I appreciate writers who take traditional fantasy and flip things around to present a different perspective. Just as I enjoy clever protagonists, like James and Harriet. (And while this may come as a shock, I also like fantasy that tries to have fun.)

There’s one bit I need to talk about. About 80% of the way into the book, we meet Countess Elspeth Bathetique, an incredibly neglectful pet owner and generally unpleasant person, and we get this exchange:

“Dammit, my lady, you’re not even a vampire!”

“How… how dare you? I identify as a vampire, you filth! You cannot dream of the tragic destiny which is ours!”

“What? Suffering from vitamin deficiency, malnutrition, keeping out of the sun for no damn reason, and torturing your poor pet basilisk? If I dreamed of that, I’d seek clerical help!”

I don’t believe it was intentional, but seeing language generally used by transgender people played for laughs by a wannabe vampire threw me right out of the story. I emailed and chatted with Scott, who confirmed that wasn’t the intention. The Countess was meant to be a darker take on Terry Pratchett’s Doreen Winkings. But he said he understood how I or others might read it the way I did.

One of my favorite parts of these stories are the veterinary details. Huggins’ wife is a veterinarian, and there’s a sense of real truth to the protagonist’s frustration with neglectful pet owners and the various challenges of keeping all these magical animals healthy. It helps to ground the book and acts as a nice counter to the humor.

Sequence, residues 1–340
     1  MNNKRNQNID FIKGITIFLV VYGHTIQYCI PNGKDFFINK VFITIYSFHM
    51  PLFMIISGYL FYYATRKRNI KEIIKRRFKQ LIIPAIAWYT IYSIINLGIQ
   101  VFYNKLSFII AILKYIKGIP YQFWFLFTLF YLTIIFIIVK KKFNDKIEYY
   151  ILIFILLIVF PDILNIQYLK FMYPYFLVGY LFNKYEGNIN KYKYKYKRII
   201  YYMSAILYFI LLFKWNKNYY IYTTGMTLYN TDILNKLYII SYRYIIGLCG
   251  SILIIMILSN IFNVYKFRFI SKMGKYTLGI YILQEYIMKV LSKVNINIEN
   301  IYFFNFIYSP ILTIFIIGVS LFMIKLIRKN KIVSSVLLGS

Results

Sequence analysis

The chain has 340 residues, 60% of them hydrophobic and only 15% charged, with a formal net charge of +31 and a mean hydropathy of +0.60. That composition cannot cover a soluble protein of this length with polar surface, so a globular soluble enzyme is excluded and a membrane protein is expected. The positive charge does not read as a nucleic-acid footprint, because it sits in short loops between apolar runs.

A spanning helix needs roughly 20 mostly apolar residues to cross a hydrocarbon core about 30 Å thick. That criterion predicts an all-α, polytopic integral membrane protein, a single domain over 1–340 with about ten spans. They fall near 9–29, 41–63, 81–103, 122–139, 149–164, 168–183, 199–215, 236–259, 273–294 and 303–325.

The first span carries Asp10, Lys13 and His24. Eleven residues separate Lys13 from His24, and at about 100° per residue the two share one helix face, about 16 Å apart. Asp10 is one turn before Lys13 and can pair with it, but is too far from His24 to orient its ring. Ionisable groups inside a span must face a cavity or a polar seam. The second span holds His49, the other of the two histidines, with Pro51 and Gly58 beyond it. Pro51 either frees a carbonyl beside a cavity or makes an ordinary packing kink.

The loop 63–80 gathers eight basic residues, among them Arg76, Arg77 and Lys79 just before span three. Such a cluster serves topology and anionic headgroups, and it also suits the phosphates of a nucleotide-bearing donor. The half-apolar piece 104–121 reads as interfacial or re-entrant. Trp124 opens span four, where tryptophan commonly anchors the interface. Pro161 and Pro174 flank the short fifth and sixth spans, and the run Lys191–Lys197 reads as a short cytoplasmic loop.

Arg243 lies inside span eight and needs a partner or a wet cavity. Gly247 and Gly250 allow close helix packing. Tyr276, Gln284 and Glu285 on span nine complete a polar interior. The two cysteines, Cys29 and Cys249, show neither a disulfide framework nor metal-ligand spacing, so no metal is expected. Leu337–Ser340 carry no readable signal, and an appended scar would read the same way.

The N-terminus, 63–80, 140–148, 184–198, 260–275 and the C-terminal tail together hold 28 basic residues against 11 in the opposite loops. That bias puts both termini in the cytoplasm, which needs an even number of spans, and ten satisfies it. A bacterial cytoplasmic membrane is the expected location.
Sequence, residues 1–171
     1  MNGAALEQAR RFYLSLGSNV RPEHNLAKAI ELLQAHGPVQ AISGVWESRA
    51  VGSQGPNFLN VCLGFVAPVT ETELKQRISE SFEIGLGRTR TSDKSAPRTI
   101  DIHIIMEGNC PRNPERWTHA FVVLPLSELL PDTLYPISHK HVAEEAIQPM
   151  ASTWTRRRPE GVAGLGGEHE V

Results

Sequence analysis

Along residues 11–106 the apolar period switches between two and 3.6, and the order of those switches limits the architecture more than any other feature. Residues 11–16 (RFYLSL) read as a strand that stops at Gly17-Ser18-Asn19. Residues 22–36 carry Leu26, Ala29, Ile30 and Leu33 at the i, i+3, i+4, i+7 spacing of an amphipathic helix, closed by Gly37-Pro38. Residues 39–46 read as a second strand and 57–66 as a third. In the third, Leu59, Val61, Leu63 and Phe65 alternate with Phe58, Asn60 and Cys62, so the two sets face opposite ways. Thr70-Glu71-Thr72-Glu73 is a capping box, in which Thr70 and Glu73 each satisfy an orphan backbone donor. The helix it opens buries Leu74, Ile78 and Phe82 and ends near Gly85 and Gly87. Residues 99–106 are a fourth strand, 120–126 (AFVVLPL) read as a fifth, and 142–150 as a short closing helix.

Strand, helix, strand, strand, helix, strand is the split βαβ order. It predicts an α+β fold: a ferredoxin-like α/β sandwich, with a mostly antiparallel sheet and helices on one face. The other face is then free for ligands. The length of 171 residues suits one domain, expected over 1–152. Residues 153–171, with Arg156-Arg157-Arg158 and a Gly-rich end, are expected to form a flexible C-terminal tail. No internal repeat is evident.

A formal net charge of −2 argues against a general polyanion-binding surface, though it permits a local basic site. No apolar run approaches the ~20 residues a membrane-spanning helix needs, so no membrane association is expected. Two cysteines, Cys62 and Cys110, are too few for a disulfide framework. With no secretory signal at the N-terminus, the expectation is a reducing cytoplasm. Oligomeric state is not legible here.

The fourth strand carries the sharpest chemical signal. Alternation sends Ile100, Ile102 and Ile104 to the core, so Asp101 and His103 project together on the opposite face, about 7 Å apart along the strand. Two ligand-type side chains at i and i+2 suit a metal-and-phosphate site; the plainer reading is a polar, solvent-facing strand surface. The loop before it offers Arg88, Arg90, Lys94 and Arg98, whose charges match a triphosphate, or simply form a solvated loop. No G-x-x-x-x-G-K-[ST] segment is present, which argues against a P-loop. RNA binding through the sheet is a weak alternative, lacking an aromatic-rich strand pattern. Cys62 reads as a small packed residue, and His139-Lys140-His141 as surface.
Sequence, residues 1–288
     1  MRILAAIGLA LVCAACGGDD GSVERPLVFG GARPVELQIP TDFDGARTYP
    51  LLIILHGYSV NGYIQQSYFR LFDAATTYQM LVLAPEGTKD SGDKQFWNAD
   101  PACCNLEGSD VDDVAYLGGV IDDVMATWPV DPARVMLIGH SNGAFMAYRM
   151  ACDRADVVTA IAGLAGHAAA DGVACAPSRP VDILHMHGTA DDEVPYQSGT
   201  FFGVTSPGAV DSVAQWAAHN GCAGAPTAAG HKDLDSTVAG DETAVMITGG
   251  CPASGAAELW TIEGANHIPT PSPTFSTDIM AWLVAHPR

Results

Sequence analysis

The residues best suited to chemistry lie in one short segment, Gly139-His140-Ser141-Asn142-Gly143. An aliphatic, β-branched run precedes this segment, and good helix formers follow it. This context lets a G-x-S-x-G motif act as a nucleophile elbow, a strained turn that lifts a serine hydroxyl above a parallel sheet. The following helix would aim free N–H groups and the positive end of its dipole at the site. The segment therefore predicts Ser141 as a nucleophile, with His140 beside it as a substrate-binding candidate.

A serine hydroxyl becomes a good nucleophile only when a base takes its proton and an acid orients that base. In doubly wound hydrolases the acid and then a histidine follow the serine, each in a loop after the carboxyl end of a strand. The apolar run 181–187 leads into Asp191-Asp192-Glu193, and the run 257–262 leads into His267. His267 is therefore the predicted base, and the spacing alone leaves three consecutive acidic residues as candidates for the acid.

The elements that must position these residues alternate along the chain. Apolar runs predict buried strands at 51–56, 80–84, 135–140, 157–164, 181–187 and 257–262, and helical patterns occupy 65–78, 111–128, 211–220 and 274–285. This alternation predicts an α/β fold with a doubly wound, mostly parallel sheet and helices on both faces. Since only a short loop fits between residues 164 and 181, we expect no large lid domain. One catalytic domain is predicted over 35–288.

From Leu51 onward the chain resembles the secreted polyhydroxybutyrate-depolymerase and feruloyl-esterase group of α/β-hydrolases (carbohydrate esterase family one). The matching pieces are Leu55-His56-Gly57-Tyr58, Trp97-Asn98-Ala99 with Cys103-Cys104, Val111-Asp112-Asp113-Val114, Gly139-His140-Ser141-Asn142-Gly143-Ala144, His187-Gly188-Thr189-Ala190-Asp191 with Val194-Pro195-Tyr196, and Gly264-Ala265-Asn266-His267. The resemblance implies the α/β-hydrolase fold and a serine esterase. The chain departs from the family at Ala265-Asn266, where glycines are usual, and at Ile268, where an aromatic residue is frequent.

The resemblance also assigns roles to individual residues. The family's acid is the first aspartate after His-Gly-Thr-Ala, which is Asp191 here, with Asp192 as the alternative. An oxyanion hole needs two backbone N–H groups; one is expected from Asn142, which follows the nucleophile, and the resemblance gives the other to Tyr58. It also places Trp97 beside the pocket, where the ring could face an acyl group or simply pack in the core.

I couldn’t find an excerpt online, but there’s a promo video on YouTube.

Mirrored from Jim C. Hines.

The Big Idea: Adam Christopher

Jul. 27th, 2017 12:33 pm
[syndicated profile] scalziwhatever_feed

Posted by John Scalzi

Congratulations! Your book was a success! Now do that trick a second time! In discussing Killing is My Business, author Adam Christopher talks about doing the thing that you did so well all over again — but different this time.

ADAM CHRISTOPHER:

You know how it goes, the difficult second album: a band spends years meticulously crafting a collection of songs, polishing them through endless live sets until they shine, and these songs form their incandescent debut album.

Then they need to produce the follow-up and essentially come up with an entirely new repertoire on demand. That second album can be a difficult one indeed.